Love is Good Boy's drug. His lover is of a different psychic make-up, more prone to avoidance, more likely to abuse substances, enjoy rough relationships, and avoid closeness. This is unfortunate for both of them. One really can't help the other without some sort of intervention, some cognitive change.

Neither is whole, neither feels quite right. Bad Boy, the more aggressive young man, is less mature, lashes out under pressure to be emotionally intimate. (We think of intimacy as mature, but measured). Good Boy, in touch with his own desperation to be in-relation, shares all, intimate to a fault. He endangers himself.

So different! What are they doing together? The simmering one, his anger palpable, actually feels safe with one who wants him, needs him, adores him, and he has talked with him about his childhood. He's talked some, not a lot.

The one who craves intimacy isn't happy with the volatility of their relationship, but feels safe, ironically, with someone who seems so strong. Tough. Strong. Same thing?

The dynamic is captured, frozen early in their relationship.

Bad Boy knows that if anyone metes out punishment, it will be him. Good Boy is willing to risk that, knowing there's little he would do to endanger his lover's favor. He'll keep the conflict to a minimum, and the dynamic is just that, conflict at a minimum. The verbal sniping is uni-directional, from Bad Boy to Good Boy, never the other way around. To both of them it is relatively tame compared to what they had as children. But painful.

Bad won't work to please Good. He's not going to change, he says. This is me; I won't commit. I'm my own man. He has that edge, well-hewn over a lifetime.
The most important people in my world were never there for me. I don't need them, or you, or anyone else.
He thinks he has overcome his dependency needs and is annoyed at the dependency of his partner, although he needs him to be this way, dependent, to feel safe.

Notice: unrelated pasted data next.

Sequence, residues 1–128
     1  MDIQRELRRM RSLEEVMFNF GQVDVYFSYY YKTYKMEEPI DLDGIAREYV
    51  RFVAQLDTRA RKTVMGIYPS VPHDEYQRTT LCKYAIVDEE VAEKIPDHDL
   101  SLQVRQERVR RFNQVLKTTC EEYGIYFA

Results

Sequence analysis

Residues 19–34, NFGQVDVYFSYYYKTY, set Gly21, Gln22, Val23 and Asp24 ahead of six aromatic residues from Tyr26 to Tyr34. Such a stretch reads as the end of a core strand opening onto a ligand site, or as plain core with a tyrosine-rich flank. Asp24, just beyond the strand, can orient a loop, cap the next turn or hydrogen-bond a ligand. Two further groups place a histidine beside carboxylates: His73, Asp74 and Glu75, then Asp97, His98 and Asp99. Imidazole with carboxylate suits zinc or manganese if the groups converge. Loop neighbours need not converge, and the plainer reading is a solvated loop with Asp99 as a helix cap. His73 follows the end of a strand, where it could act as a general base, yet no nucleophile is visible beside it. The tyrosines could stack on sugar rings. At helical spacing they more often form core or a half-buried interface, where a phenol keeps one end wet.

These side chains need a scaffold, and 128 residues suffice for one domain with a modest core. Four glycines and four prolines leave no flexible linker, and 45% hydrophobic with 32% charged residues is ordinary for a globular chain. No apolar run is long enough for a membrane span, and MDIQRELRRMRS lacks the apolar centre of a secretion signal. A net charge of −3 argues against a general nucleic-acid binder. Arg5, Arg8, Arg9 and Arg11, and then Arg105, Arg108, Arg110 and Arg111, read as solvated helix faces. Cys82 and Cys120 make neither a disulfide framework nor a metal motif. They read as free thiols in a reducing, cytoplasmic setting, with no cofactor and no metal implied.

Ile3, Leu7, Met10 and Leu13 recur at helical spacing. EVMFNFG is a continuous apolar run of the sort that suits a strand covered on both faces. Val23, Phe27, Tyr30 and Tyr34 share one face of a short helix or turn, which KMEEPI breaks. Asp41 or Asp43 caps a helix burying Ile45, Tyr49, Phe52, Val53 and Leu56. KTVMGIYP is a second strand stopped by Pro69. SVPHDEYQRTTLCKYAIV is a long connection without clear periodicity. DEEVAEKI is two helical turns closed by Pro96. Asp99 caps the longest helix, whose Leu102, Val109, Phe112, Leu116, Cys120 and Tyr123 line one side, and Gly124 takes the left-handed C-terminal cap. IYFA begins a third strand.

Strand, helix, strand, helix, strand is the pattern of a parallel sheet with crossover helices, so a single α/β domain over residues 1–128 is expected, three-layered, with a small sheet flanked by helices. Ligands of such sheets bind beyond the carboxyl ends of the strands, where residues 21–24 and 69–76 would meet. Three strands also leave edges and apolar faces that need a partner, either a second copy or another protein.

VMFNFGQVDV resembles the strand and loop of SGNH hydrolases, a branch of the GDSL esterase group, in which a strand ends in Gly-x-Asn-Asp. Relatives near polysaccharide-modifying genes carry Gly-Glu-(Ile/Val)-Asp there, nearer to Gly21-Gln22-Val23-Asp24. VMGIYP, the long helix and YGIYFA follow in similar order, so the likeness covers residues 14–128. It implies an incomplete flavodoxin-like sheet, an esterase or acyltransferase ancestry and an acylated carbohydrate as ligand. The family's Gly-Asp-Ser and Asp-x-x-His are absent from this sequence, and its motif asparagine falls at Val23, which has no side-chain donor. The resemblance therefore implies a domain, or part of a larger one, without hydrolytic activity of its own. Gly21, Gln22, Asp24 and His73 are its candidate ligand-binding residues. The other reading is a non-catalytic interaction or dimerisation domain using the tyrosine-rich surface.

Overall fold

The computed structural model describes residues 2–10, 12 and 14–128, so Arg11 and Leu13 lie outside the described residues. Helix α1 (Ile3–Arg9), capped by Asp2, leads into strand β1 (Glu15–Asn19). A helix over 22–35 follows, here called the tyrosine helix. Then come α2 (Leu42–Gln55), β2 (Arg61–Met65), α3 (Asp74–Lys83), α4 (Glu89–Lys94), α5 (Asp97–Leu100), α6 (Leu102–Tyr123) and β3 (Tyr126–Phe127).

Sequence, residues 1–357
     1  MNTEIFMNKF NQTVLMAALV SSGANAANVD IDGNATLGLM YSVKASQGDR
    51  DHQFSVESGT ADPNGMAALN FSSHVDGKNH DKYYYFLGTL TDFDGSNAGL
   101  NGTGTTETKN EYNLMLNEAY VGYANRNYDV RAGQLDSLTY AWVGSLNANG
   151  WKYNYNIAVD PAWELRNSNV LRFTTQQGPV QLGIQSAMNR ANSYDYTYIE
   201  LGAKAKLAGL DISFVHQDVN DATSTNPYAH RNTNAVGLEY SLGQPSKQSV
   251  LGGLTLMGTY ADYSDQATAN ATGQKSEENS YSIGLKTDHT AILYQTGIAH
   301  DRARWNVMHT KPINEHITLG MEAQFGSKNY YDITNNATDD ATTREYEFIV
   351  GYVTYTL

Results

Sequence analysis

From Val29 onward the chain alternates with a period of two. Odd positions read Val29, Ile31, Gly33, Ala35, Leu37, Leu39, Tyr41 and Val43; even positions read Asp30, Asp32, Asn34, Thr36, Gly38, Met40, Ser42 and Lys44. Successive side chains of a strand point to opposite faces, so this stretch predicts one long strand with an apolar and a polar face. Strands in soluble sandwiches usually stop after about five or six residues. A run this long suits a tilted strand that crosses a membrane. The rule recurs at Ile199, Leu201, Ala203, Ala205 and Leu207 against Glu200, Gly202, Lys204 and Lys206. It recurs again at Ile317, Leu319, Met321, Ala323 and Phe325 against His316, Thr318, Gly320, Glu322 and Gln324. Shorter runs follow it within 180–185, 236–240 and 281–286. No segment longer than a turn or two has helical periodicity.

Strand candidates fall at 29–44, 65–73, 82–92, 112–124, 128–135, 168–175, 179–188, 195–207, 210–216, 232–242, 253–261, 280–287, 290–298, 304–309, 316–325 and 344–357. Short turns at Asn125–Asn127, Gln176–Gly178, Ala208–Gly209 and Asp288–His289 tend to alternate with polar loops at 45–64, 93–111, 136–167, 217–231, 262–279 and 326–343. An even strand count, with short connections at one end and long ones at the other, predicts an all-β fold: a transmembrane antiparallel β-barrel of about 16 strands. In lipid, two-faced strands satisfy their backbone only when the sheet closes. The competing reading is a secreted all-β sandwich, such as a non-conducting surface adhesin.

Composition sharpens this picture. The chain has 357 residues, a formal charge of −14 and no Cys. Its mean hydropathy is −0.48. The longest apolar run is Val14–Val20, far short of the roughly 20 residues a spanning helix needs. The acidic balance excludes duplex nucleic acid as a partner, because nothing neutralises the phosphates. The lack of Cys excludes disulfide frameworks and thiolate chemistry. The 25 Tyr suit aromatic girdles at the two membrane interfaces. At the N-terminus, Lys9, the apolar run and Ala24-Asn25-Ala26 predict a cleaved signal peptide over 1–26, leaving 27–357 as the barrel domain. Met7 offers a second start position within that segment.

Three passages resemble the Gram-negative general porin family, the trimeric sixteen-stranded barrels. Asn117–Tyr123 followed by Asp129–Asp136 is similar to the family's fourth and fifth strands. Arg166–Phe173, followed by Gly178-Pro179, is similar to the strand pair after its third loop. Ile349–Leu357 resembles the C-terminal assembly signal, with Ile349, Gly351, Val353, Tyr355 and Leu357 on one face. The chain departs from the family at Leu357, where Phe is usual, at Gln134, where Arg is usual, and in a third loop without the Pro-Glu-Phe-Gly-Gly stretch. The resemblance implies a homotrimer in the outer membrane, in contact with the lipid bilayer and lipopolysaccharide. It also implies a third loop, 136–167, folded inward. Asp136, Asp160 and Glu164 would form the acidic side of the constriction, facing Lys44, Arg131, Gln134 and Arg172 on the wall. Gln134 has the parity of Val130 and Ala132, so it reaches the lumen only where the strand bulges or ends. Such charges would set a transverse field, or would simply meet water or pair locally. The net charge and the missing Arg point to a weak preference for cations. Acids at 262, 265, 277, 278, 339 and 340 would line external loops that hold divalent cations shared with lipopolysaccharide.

Such a conundrum.

Then it sometimes happens that Good Boy is let in, sometimes for quite awhile, and things get very affectionate. This is when being in-relation for Good Boy is wonderful, but most scary to Bad Boy. The intimacy tweaks at his primitive, unconscious, failed familial relations, which is where it gets dangerous.

Feeling violated by the intimacy, Bad has to stop the tweaking. He's entitled to his privacy; the rule is he gets to be secretive, gets his space. So he lashes out when violated in the name of intimacy, pushes Good Boy away.
Good: Where have you been?

Bad: You don't need to know. You have no right to know.

Good: Oh, sorry.
These games may be described as dances in the various self-help books at Borders. Go there and read them before they close all the book stores and you can't get an education for free off-line anymore. I personally prefer the feel of books to the glow of the screen.

But back to our story:

Bad Boy becomes mean and immature, aggressive and spiteful when Good wants more of him than he's comfortable giving. Bad Boy becomes abusive like the people who raised him. Transgenerational? No question.

Good Boy takes it. Ironically, he's perceived by his aggressive partner as smarter and more accomplished, and he is, but insecure.

Bad, even though he's less educated, less accomplished, even though he feels inadequate by comparison, is only safe because Good is this way, insecure. Bad Boy benefits by association, too, with an accomplished partner, and owns some of that accomplishment (in-relation).

And he stays on top by sniping when his partner is most vulnerable, when he says, Don't leave me, please.